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Lager beer could help men’s gut microbes

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Like wine, beer can have health benefits when consumed in moderation. Non-alcoholic beers have become wildly popular recently, but are these drinks also healthful? In a pilot study, researchers in ACS’ Journal of Agricultural and Food Chemistry report that compared to their pre-trial microbiome, men who drank either one alcoholic or non-alcoholic lager daily had a more diverse set of gut microbes, which can reduce the risk for some diseases.

Trillions of microorganisms line human gastrointestinal tracts, directly impacting their host’s well-being. Studies have shown that when more types of bacteria are present, people tend to have a lower chance of developing chronic diseases, such as heart disease and diabetes. And beer contains compounds, such as polyphenols, as well as microorganisms from its fermentation, that could impact the variety of microbes in the human gut. A previously published “cross-over” study showed that when both men and women consumed non-alcoholic lager beer for 30 days, their gut microbiome diversity increased. Many of those same people were also in a second group that drank an alcoholic version of the beer, and it didn’t have the same effect. Few other clinical trials have tested this issue, so Ana Faria and colleagues wanted to see if they would find similar results with men in a different type of study — a parallel, randomized trial design — with two separate groups of participants.

In this double-blind study, 19 healthy men were randomly divided into two groups who drank 11 fluid ounces of either alcoholic or non-alcoholic lager with dinner for 4 weeks. The researchers found that the participants’ weight, body mass index and serum markers for heart health and metabolism didn’t change during the study. But at the end of the 4-week period, both groups had greater bacterial diversity in their gut microbiome and higher levels of fecal alkaline phosphatase, indicating an improvement in intestinal health. The researchers suggest that these results could differ from those of the prior study because of the different designs of the trials, and because the participants were living in different communities. But based on this pilot study, the researchers say that consuming one bottle of beer, regardless of its alcohol content, may be beneficial to the gut microbiome and intestinal health of men. However, they add that because the safest level of alcohol consumption is none, non-alcoholic beer may be the more healthful choice.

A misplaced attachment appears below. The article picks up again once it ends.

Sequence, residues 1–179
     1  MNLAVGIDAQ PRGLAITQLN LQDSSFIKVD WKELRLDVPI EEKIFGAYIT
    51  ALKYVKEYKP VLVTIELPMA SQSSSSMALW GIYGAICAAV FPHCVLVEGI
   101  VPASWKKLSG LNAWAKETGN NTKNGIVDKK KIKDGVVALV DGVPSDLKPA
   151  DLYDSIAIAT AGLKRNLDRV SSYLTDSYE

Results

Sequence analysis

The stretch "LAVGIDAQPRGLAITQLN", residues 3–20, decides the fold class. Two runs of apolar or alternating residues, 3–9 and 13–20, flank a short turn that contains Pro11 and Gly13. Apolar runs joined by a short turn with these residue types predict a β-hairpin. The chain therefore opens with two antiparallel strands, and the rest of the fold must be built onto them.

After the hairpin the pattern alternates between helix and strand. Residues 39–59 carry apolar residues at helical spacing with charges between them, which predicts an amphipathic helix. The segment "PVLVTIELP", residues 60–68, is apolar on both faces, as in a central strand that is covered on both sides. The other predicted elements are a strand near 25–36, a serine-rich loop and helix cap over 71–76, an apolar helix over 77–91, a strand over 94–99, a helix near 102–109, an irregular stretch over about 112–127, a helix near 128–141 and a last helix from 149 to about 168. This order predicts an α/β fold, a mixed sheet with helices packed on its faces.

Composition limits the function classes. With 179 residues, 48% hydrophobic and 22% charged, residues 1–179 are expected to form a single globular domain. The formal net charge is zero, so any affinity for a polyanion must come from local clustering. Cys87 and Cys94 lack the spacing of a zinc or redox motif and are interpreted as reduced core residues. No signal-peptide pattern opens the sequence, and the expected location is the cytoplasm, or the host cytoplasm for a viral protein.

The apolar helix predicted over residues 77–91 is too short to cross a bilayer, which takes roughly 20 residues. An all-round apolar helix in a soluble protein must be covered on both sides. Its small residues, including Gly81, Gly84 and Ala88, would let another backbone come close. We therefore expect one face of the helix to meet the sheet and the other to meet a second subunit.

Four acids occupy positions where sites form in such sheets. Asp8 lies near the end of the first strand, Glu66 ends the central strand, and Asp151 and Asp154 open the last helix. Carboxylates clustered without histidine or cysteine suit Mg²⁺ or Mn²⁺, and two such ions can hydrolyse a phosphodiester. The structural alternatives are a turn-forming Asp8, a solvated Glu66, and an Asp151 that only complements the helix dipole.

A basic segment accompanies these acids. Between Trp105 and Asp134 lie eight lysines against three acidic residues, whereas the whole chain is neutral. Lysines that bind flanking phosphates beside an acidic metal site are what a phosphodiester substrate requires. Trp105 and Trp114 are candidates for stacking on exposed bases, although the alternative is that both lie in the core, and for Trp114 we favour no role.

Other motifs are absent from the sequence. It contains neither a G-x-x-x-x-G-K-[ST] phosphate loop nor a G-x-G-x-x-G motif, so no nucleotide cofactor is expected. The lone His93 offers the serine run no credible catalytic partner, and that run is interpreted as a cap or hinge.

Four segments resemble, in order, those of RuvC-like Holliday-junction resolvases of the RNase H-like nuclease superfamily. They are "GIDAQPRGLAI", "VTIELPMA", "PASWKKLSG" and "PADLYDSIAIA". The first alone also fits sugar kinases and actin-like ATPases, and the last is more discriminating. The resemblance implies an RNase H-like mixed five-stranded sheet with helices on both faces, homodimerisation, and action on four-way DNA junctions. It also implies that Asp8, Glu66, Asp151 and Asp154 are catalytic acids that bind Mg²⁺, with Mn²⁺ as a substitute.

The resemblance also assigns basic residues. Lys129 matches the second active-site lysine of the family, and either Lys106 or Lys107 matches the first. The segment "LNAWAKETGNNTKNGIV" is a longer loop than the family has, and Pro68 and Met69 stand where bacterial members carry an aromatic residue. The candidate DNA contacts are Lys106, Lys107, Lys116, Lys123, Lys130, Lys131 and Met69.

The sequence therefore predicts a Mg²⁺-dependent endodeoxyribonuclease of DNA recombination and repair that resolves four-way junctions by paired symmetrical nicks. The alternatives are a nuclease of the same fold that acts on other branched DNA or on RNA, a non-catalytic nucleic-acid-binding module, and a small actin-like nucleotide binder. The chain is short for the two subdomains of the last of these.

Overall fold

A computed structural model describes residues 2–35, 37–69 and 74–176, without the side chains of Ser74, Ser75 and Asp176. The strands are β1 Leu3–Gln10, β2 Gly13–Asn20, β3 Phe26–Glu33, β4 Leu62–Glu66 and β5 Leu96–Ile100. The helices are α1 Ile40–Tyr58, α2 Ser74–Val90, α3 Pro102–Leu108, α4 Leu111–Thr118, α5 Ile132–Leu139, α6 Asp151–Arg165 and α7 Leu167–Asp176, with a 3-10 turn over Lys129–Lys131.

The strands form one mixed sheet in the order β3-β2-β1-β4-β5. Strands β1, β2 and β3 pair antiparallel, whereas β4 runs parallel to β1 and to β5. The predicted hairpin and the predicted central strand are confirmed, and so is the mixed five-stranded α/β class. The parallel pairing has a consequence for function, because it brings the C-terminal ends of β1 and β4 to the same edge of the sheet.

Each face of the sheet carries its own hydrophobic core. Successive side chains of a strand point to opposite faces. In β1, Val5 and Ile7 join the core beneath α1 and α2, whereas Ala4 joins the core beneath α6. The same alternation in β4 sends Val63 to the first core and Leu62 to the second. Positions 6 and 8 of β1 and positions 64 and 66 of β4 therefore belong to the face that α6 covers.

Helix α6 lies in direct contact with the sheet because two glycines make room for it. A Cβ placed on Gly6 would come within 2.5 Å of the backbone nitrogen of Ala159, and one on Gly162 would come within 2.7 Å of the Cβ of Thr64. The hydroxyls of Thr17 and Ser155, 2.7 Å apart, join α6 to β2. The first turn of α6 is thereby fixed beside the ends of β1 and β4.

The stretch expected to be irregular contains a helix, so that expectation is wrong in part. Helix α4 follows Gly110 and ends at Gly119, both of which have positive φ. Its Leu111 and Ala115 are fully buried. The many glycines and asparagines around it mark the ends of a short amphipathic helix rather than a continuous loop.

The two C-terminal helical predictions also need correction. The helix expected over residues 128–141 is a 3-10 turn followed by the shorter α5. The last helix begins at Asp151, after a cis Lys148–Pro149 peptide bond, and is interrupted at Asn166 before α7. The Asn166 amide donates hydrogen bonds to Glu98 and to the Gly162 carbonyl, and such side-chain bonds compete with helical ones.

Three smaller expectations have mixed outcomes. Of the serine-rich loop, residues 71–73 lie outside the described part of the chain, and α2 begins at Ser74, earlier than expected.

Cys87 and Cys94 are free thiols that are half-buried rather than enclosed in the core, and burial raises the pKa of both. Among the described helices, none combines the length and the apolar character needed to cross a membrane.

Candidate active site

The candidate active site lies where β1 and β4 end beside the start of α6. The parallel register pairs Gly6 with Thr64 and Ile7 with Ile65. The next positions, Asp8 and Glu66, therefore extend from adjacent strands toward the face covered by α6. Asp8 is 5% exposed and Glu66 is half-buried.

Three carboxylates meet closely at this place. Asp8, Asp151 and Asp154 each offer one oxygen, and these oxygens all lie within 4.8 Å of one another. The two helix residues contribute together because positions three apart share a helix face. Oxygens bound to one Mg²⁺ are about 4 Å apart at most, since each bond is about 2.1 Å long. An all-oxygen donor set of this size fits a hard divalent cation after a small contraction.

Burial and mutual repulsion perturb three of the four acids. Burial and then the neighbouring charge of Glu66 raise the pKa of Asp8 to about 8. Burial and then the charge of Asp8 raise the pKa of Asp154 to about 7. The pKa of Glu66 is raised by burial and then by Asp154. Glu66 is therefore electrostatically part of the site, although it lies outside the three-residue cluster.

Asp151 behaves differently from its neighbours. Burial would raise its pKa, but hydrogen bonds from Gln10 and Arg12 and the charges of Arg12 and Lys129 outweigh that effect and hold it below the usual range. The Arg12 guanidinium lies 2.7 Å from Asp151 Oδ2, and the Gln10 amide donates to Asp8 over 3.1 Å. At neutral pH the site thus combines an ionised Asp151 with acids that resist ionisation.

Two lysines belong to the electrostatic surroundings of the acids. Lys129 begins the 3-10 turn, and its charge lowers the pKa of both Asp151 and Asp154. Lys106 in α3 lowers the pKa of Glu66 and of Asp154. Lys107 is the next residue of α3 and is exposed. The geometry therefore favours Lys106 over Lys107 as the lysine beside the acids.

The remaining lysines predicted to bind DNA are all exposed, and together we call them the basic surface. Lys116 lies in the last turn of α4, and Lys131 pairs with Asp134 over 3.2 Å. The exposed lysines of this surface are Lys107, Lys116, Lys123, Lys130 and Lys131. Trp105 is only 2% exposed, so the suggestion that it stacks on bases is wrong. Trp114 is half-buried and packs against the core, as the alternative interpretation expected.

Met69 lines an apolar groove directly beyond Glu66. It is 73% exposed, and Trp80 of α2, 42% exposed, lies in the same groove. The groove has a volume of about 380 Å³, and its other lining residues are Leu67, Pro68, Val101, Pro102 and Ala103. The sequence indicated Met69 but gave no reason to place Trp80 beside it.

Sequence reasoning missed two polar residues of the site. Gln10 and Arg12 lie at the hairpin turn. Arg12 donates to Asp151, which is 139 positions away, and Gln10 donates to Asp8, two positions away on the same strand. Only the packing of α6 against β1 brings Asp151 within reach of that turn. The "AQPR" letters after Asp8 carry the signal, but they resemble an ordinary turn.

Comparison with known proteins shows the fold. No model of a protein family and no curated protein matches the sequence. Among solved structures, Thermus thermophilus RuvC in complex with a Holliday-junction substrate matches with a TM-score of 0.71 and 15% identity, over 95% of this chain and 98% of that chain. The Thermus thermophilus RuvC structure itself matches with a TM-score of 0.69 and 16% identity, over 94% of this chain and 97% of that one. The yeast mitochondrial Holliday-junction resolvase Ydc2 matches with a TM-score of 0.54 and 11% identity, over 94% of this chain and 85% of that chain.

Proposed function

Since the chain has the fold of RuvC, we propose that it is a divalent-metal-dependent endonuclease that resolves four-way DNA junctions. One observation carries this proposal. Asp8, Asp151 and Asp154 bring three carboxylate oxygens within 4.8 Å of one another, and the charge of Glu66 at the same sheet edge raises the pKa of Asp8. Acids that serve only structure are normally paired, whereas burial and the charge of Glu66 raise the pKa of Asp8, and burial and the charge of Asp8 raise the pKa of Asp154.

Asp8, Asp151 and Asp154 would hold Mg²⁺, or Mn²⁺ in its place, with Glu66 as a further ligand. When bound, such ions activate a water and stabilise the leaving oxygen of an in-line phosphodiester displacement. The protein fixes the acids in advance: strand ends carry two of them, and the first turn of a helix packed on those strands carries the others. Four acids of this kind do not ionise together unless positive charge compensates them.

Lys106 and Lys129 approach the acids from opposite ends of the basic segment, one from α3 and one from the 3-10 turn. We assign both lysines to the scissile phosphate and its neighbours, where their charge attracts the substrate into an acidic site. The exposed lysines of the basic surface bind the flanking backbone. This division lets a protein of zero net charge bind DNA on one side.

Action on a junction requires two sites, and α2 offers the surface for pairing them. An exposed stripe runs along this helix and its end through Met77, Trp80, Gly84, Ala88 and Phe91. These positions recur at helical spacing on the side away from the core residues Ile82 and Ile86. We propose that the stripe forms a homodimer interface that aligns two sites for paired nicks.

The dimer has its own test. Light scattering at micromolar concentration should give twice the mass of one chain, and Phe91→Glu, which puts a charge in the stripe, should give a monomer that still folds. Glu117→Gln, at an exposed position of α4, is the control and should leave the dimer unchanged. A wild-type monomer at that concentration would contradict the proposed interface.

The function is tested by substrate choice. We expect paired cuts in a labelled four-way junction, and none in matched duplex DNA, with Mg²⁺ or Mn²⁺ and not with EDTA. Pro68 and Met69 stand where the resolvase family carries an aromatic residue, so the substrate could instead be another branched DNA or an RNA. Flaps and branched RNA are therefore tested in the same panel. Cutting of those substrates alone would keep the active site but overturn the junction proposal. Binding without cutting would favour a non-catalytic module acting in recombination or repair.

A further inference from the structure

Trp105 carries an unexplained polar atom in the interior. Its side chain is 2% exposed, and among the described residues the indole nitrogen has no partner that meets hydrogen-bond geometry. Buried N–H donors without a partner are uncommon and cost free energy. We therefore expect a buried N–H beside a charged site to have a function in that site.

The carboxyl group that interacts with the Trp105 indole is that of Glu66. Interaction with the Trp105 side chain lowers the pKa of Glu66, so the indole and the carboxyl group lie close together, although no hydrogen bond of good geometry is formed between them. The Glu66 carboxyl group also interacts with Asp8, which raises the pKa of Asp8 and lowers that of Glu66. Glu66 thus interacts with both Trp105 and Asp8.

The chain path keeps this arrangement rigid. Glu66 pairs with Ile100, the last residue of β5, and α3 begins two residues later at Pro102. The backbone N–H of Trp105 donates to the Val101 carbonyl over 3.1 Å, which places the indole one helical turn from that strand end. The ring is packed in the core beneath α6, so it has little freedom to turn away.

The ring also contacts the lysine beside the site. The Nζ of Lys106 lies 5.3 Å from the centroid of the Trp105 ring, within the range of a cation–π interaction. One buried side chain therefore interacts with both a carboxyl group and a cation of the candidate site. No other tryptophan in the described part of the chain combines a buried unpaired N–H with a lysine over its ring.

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The authors acknowledge funding from the Programa Operacional Competitividade e Internacionalização – COMPETE2020, Fundação para a Ciência e a Tecnologia (FCT), the Center for Health and Technology and Services Research (CINTESIS) and the Comprehensive Health Research Center (CHRC).

The paper’s abstract will be available on June 15 at 8 a.m. Eastern time here: http://pubs.acs.org/doi/abs/10.1021/acs.jafc.2c00587

The American Chemical Society (ACS) is a nonprofit organization chartered by the U.S. Congress. ACS’ mission is to advance the broader chemistry enterprise and its practitioners for the benefit of Earth and all its people. The Society is a global leader in promoting excellence in science education and providing access to chemistry-related information and research through its multiple research solutions, peer-reviewed journals, scientific conferences, eBooks and weekly news periodical Chemical & Engineering News. ACS journals are among the most cited, most trusted and most read within the scientific literature; however, ACS itself does not conduct chemical research. As a leader in scientific information solutions, its CAS division partners with global innovators to accelerate breakthroughs by curating, connecting and analyzing the world’s scientific knowledge. ACS’ main offices are in Washington, D.C., and Columbus, Ohio.

To automatically receive news releases from the American Chemical Society, contact newsroom@acs.org.

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